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With 77% ownership, Phillips 66 (NYSE:PSX) boasts of strong institutional backing

Key Insights

  • Institutions' substantial holdings in Phillips 66 implies that they have significant influence over the company's share price

  • A total of 21 investors have a majority stake in the company with 50% ownership

  • Insiders have sold recently

Every investor in Phillips 66 (NYSE:PSX) should be aware of the most powerful shareholder groups. With 77% stake, institutions possess the maximum shares in the company. That is, the group stands to benefit the most if the stock rises (or lose the most if there is a downturn).

Because institutional owners have a huge pool of resources and liquidity, their investing decisions tend to carry a great deal of weight, especially with individual investors. Therefore, a good portion of institutional money invested in the company is usually a huge vote of confidence on its future.

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Let's delve deeper into each type of owner of Phillips 66, beginning with the chart below.

Check out our latest analysis for Phillips 66

ownership-breakdown
ownership-breakdown

What Does The Institutional Ownership Tell Us About Phillips 66?

Institutions typically measure themselves against a benchmark when reporting to their own investors, so they often become more enthusiastic about a stock once it's included in a major index. We would expect most companies to have some institutions on the register, especially if they are growing.

We can see that Phillips 66 does have institutional investors; and they hold a good portion of the company's stock. This implies the analysts working for those institutions have looked at the stock and they like it. But just like anyone else, they could be wrong. It is not uncommon to see a big share price drop if two large institutional investors try to sell out of a stock at the same time. So it is worth checking the past earnings trajectory of Phillips 66, (below). Of course, keep in mind that there are other factors to consider, too.

earnings-and-revenue-growth
earnings-and-revenue-growth

Institutional investors own over 50% of the company, so together than can probably strongly influence board decisions. Phillips 66 is not owned by hedge funds. Looking at our data, we can see that the largest shareholder is The Vanguard Group, Inc. with 9.7% of shares outstanding. With 8.0% and 6.6% of the shares outstanding respectively, BlackRock, Inc. and State Street Global Advisors, Inc. are the second and third largest shareholders.

Looking at the shareholder registry, we can see that 50% of the ownership is controlled by the top 21 shareholders, meaning that no single shareholder has a majority interest in the ownership.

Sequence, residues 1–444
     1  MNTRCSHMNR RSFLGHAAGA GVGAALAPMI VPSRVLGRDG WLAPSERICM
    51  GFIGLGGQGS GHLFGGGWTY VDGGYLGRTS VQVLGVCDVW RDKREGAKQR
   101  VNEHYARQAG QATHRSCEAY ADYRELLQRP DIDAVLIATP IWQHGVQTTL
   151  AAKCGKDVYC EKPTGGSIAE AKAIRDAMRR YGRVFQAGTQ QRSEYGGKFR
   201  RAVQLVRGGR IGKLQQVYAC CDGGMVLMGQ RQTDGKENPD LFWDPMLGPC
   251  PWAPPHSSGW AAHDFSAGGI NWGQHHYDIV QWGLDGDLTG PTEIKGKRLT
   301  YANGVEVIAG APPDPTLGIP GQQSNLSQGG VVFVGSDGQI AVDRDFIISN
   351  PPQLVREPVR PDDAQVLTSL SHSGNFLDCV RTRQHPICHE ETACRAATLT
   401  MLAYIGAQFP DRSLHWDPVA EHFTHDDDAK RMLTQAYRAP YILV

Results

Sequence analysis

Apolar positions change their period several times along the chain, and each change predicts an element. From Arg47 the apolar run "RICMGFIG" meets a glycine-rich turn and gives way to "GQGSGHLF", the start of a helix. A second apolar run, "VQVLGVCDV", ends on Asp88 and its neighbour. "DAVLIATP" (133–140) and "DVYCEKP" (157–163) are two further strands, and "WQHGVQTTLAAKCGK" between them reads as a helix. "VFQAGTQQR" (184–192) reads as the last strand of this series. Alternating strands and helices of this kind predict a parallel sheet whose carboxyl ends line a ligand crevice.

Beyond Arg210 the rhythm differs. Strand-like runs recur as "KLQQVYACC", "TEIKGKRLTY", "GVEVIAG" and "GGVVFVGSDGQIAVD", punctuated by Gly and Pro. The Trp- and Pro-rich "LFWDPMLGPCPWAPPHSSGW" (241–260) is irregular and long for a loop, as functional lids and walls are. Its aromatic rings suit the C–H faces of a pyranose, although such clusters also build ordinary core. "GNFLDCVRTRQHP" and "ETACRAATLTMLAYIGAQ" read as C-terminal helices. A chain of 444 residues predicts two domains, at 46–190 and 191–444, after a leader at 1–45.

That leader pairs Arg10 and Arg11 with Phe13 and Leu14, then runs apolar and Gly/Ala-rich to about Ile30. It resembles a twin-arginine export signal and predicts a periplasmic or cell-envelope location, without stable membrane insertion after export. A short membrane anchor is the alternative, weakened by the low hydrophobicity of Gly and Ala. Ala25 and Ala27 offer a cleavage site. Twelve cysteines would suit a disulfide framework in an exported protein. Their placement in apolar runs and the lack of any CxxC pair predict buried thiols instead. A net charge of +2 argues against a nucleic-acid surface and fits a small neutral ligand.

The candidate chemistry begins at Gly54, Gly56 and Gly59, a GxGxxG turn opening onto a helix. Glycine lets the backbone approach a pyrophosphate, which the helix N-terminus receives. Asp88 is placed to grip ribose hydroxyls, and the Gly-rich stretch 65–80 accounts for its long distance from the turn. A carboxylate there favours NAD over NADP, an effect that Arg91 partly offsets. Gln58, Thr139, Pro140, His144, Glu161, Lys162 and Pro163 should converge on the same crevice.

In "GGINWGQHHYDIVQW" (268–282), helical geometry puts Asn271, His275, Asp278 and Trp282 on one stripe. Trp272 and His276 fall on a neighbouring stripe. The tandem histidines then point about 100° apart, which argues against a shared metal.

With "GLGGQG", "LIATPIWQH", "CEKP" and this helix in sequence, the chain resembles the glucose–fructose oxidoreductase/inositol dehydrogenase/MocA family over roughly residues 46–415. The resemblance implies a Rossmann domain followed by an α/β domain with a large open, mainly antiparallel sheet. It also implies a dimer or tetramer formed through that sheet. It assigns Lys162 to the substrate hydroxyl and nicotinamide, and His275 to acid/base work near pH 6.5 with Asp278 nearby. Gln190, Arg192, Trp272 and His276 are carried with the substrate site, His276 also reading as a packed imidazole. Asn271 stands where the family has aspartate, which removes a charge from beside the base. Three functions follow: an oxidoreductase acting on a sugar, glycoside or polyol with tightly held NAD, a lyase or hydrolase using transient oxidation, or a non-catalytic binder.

While it makes sense to study institutional ownership data for a company, it also makes sense to study analyst sentiments to know which way the wind is blowing. There are a reasonable number of analysts covering the stock, so it might be useful to find out their aggregate view on the future.

Insider Ownership Of Phillips 66

While the precise definition of an insider can be subjective, almost everyone considers board members to be insiders. Management ultimately answers to the board. However, it is not uncommon for managers to be executive board members, especially if they are a founder or the CEO.

Insider ownership is positive when it signals leadership are thinking like the true owners of the company. However, high insider ownership can also give immense power to a small group within the company. This can be negative in some circumstances.

Our information suggests that Phillips 66 insiders own under 1% of the company. Being so large, we would not expect insiders to own a large proportion of the stock. Collectively, they own US$149m of stock. It is always good to see at least some insider ownership, but it might be worth checking if those insiders have been selling.

General Public Ownership

The general public, who are usually individual investors, hold a 23% stake in Phillips 66. While this group can't necessarily call the shots, it can certainly have a real influence on how the company is run.

Next Steps:

While it is well worth considering the different groups that own a company, there are other factors that are even more important. Case in point: We've spotted 2 warning signs for Phillips 66 you should be aware of.

If you are like me, you may want to think about whether this company will grow or shrink. Luckily, you can check this free report showing analyst forecasts for its future.

NB: Figures in this article are calculated using data from the last twelve months, which refer to the 12-month period ending on the last date of the month the financial statement is dated. This may not be consistent with full year annual report figures.

Have feedback on this article? Concerned about the content? Get in touch with us directly. Alternatively, email editorial-team (at) simplywallst.com.

This article by Simply Wall St is general in nature. We provide commentary based on historical data and analyst forecasts only using an unbiased methodology and our articles are not intended to be financial advice. It does not constitute a recommendation to buy or sell any stock, and does not take account of your objectives, or your financial situation. We aim to bring you long-term focused analysis driven by fundamental data. Note that our analysis may not factor in the latest price-sensitive company announcements or qualitative material. Simply Wall St has no position in any stocks mentioned.